I have many friends whose solopreneur prowess makes me drip with envy. They are to entrepreneurship what Ryan Gosling is to Hollywood. He can sing, dance and actually act, and they can build, finance and actually market stuff. They’re analogous to the Renaissance people of the past, and I always wanted to be like them. Or at least I did!
These days, I’m more of an armchair admirer than a devout practitioner of the DIY movement. These days, I’m just trying to be good at one thing.
During the dog days of the pandemic, it seemed like almost everyone was online, starting side hustles, day-trading stocks, playing around with Canva, and renovating their homes. At the time, I was also spreading myself across numerous projects: consulting for start-ups, life coaching, trying to build my own personal brand, and still working at my own company. The problem was, I didn’t think I was doing most of it very well. I complained about this to my long-time friend and business partner Alex McAulay. How was it possible to do “all of it” well and still somehow nurture my family and have a few hobbies and some downtime?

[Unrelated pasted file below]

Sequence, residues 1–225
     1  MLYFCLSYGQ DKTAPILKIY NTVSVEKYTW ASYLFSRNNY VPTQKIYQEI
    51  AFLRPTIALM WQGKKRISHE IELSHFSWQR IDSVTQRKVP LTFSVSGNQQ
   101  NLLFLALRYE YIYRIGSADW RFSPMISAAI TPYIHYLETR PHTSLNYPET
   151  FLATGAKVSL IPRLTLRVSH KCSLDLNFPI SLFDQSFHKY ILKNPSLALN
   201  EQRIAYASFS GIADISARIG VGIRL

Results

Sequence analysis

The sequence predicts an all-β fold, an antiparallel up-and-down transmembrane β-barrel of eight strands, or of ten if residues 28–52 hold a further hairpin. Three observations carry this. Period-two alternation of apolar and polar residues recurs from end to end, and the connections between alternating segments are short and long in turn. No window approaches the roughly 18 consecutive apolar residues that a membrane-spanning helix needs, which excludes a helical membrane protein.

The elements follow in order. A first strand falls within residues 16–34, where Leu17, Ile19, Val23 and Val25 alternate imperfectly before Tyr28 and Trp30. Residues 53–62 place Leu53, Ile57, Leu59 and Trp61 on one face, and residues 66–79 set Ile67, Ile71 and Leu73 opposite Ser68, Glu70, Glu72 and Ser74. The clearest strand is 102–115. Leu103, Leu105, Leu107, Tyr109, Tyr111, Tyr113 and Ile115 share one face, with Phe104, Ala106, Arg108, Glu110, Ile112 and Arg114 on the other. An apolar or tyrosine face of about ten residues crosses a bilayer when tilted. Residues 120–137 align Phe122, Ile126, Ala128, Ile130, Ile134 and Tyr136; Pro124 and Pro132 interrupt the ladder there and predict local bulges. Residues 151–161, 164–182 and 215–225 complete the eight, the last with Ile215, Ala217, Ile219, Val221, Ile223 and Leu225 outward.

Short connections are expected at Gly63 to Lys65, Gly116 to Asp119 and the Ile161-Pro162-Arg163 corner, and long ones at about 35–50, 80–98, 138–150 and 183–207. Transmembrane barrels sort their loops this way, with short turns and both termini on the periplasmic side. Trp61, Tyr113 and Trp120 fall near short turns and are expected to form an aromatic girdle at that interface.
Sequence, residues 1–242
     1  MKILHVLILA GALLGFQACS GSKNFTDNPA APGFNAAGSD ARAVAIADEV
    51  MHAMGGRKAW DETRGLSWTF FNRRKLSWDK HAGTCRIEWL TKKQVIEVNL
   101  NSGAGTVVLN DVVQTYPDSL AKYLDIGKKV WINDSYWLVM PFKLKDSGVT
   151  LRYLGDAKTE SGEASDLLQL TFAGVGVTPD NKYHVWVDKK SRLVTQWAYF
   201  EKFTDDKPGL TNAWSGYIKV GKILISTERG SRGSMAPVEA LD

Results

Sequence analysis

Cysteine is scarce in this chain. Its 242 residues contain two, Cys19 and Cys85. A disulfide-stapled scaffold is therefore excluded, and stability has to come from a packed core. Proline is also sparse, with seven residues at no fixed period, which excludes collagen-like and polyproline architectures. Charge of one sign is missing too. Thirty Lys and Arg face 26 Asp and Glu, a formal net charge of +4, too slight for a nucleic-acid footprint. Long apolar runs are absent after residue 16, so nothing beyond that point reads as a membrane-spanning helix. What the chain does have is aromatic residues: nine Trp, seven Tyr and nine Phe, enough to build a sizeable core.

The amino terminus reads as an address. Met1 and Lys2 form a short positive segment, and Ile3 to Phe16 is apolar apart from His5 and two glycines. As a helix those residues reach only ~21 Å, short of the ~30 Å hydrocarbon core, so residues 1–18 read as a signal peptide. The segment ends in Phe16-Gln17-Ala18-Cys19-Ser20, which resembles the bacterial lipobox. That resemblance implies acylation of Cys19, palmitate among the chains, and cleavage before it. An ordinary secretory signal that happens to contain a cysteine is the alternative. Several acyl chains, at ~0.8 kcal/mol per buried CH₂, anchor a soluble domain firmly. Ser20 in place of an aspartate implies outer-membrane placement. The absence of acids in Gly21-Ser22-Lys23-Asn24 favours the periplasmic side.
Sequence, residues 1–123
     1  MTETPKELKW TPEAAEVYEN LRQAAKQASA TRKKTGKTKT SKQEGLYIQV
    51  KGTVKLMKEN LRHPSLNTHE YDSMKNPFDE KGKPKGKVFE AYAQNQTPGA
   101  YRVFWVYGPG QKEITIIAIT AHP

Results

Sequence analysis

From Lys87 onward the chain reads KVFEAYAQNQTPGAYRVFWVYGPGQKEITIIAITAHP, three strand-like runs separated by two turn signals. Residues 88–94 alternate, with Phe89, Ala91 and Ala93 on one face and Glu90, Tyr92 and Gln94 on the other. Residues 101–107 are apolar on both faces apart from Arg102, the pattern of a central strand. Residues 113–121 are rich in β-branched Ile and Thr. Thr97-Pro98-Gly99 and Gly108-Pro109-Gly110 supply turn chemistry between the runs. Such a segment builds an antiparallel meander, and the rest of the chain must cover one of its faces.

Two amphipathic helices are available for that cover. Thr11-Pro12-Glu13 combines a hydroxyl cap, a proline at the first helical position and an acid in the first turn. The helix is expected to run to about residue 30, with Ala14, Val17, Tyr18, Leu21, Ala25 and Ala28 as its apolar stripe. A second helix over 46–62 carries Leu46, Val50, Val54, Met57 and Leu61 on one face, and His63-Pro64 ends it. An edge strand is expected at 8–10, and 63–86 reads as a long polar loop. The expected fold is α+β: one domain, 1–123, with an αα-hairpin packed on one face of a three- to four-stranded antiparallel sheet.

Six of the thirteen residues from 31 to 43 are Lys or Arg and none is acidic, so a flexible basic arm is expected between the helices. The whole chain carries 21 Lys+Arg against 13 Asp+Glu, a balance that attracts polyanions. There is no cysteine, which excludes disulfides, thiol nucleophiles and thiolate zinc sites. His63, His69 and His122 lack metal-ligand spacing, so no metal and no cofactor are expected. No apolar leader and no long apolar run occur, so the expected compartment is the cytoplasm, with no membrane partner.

His advice: You don’t. You only need to be good at one thing.
At first, the advice seemed to be counterintuitive to “productivity at all costs” and the DIY start-up mantra I’d been adhering to for years. The more I thought about it, however, the more it began to make sense.
In the sage words of legendary investor and philosopher Naval Ravikant, “The way to get out of the competition trap is to be authentic, to find the thing you know how to do better than anybody. You know how to do it better because you love it, and no one can compete with you. If you love to do it, be authentic, and then figure out how to map that to what society actually wants. Apply some leverage and put your name on it. You take the risks, but you gain the rewards.”